Including tips on research would be a good thing to do - but if I may make a suggestion? Simply include it in your signature.
You might include some or all of these in your signature:
LQ Linux Wiki
LQ Search
Google, Linux style
Linux Hardware compatibility List (HCL)
LQ Tutorials
Linux Distro and Linux Book Reviews

All but one of these are LQ pages and are pulled from the very page I'm making this reply, a simple copy and paste of the URL's.
Tip: If you choose to include these, the links are already BB-code formatted. Just hit "Quote" and copy the above...

Also - for more, read signatures. Most of the guru-type people here include invaluable links in there signatures.
As for help on researching topics, I'd suggest a reading of How To Ask Questions The Smart Way by Eric Steven Raymond.

Last edited by scuzzman; 01-18-2005 at 03:46 AM.
 
Old 01-18-2005, 04:04 AM   #6
jacks4u
Member
 
Registered: Dec 2004
Location: Phoenix, Arizona, USA
Distribution: Debian, RedHat, ???
Posts: 56

Original Poster
Rep: Reputation: 15
Hey, Thanks for the tips and links. Some verry good ideas there!

But that still won't make a dent in those 35K posts w/ 0 replies

jacks4u
 
Old 01-18-2005, 04:23 AM   #7
scuzzman
Senior Member
 
Registered: May 2004
Location: Hilliard, Ohio, USA
Distribution: Slackware, Kubuntu
Posts: 1,851

Rep: Reputation: 47
No, no it won't. But it might make it take a little bit longer to reach 40k

Enjoy...
 
Old 01-18-2005, 09:59 AM   #8
jeremy
root
 
Registered: Jun 2000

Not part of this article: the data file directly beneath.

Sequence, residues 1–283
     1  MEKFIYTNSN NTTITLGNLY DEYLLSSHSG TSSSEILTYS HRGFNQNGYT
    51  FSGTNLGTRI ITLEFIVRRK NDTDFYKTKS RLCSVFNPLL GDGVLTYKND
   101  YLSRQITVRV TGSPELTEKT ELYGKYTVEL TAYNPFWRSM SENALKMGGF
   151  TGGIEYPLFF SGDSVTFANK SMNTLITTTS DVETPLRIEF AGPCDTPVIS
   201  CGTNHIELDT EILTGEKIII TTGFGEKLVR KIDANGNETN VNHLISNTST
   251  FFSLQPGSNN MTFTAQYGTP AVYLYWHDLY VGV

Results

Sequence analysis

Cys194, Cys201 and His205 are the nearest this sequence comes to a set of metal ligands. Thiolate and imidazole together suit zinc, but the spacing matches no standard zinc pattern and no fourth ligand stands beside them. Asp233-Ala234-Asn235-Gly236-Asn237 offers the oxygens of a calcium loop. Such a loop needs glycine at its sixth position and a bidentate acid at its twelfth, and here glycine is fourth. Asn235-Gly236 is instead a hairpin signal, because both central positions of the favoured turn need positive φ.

Distribution: Debian, Red Hat, Slackware, Fedora, Ubuntu
Posts: 10,483

Rep: Reputation: 2635Reputation: 2635Reputation: 2635Reputation: 2635Reputation: 2635Reputation: 2635Reputation: 2635Reputation: 2635Reputation: 2635Reputation: 2635Reputation: 2635
Justed wanted to add that hitting the "0 replies" link and answering what questions you can is a great way to help your fellow LQ members (and make LQ a better place in general). Of course we'll never get it to 0 (as MasterC pointed out many will be closed threads and many are also intro's, updates from me, etc.) but every bit helps. Thanks for calling attention to this jacks4u.

http://www.linuxquestions.org/questi...n=norepliesall

--jeremy
 
Old 01-18-2005, 10:01 AM   #9
jeremy
root
 
Registered: Jun 2000
Distribution: Debian, Red Hat, Slackware, Fedora, Ubuntu
Posts: 10,483

Rep: Reputation: 2635Reputation: 2635Reputation: 2635Reputation: 2635Reputation: 2635Reputation: 2635Reputation: 2635Reputation: 2635Reputation: 2635Reputation: 2635Reputation: 2635
Also, don't forget that you can get 0 reply threads for a specific forum also, if you want to try to focus on one topic. To do this, just go to the forum you'd like to see the 0 reply threads in and look right under the new thread button.

--jeremy